Nissan and Sumitomo will Give a Second Life to Electric Car Batteries
Nissan Leaf battery. Photo: Nissan
A "4R" Business
Nissan and Sumitomo (a huge business group from Japan) announced today plans to "Reuse, Resell, Refabricate and Recycle" lithium-ion batteries previously used in electric cars, "giving them a 'second-life' as energy-storage solutions in markets worldwide." These used batteries can spend their second life storing energy for the grid (for example, from solar panels), a market that is expected to grow to the equivalent of 50,000 car batteries per year by 2020 in Japan alone.
Nissan Leaf electric car. Photo: Nissan
Squeezing More Utility Out of Electric Car Batteries
Nissan's Chief Operating Officer, Toshiyuki Shiga, said that this side business will enable his company (which will soon launch the Leaf electric car) to lower the prices of its EVs by "taking into account the resale value of their batteries."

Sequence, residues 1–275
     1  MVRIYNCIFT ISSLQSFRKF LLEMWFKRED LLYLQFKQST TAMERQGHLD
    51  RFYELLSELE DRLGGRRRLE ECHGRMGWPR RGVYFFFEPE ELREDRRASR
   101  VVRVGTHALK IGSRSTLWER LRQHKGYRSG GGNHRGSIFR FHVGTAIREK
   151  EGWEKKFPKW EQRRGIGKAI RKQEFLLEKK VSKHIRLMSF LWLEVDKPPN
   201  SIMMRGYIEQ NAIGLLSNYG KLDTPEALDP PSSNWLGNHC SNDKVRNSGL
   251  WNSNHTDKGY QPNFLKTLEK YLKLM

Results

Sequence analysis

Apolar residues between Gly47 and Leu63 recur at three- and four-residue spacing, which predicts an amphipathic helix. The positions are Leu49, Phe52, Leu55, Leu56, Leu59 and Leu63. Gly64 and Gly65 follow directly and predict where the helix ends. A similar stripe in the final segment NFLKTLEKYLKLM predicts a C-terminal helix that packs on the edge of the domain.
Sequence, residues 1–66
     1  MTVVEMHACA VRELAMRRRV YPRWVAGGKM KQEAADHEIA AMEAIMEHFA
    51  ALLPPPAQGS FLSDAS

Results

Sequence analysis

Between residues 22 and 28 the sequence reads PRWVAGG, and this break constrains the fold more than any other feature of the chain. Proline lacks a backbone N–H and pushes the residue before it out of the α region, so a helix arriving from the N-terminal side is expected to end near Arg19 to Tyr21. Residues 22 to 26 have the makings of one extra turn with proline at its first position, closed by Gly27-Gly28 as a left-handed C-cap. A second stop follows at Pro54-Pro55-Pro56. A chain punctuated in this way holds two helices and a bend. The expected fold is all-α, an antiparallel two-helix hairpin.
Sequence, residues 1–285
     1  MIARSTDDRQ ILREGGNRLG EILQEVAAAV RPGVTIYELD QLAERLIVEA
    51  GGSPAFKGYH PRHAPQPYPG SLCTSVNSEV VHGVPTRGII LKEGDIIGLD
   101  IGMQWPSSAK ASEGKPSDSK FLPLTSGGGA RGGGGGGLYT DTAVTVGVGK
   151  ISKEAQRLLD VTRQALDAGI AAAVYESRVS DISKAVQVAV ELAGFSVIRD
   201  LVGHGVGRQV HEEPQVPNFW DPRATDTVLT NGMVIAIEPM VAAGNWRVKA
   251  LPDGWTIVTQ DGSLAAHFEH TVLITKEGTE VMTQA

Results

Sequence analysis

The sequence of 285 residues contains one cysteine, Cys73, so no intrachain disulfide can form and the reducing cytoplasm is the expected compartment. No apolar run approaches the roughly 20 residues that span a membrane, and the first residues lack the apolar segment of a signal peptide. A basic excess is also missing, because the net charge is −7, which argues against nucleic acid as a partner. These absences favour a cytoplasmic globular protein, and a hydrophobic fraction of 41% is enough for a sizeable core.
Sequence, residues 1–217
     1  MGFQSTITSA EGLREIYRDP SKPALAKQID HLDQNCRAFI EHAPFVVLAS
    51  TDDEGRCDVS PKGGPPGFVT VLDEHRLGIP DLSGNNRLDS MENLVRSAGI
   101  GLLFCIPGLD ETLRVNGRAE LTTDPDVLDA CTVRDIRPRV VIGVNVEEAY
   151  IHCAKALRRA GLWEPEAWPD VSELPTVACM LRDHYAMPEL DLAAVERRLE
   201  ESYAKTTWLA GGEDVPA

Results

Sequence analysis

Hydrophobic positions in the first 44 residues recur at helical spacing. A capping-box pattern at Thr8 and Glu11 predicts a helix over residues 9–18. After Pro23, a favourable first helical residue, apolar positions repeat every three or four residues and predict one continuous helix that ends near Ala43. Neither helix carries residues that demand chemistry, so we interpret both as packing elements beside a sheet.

That's pretty savvy, both for business and for the environment. Of course it would be possible to simply recycle lithium-ion batteries, but even better to give them a second life in a context where their performance isn't quite as critical as in vehicles.
Even after the end of normal vehicle life, the high-performance lithium-ion batteries used by Nissan will retain 70 to 80 percent of residual capacity and can be reused and resold to various industries as a solution to energy-storage.
This could mean that electric vehicles could displace fossil fuels from transportation and at the same time help clean up the grid by providing some storage for intermittent sources of clean energy (wind, solar).
Via Sumitomo, WSJ
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